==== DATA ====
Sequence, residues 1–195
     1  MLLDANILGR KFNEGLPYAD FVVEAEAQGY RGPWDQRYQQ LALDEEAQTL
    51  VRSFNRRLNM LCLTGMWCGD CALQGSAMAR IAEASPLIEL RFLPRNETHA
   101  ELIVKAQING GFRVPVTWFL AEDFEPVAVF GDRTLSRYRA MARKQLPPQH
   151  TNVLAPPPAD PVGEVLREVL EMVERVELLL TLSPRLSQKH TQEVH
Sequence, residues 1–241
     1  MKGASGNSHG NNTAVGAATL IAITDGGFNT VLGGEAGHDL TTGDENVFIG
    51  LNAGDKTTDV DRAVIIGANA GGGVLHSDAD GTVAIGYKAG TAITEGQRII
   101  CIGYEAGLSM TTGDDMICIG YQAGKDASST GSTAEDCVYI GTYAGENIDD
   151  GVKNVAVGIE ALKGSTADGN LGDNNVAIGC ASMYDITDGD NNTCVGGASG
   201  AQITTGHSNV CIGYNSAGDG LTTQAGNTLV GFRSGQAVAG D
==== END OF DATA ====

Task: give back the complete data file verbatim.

Sequence, residues 1–195
     1  MLLDANILGR KFNEGLPYAD FVVEAEAQGY RGPWDQRYQQ LALDEEAQTL
    51  VRSFNRRLNM LCLTGMWCGD CALQGSAMAR IAEASPLIEL RFLPRNETHA
   101  ELIVKAQING GFRVPVTWFL AEDFEPVAVF GDRTLSRYRA MARKQLPPQH
   151  TNVLAPPPAD PVGEVLREVL EMVERVELLL TLSPRLSQKH TQEVH
Sequence, residues 1–241
     1  MKGASGNSHG NNTAVGAATL IAITDGGFNT VLGGEAGHDL TTGDENVFIG
    51  LNAGDKTTDV DRAVIIGANA GGGVLHSDAD GTVAIGYKAG TAITEGQRII
   101  CIGYEAGLSM TTGDDMICIG YQAGKDASST GSTAEDCVYI GTYAGENIDD
   151  GVKNVAVGIE ALKGSTADGN LGDNNVAIGC ASMYDITDGD NNTCVGGASG
   201  AQITTGHSNV CIGYNSAGDG LTTQAGNTLV GFRSGQAVAG D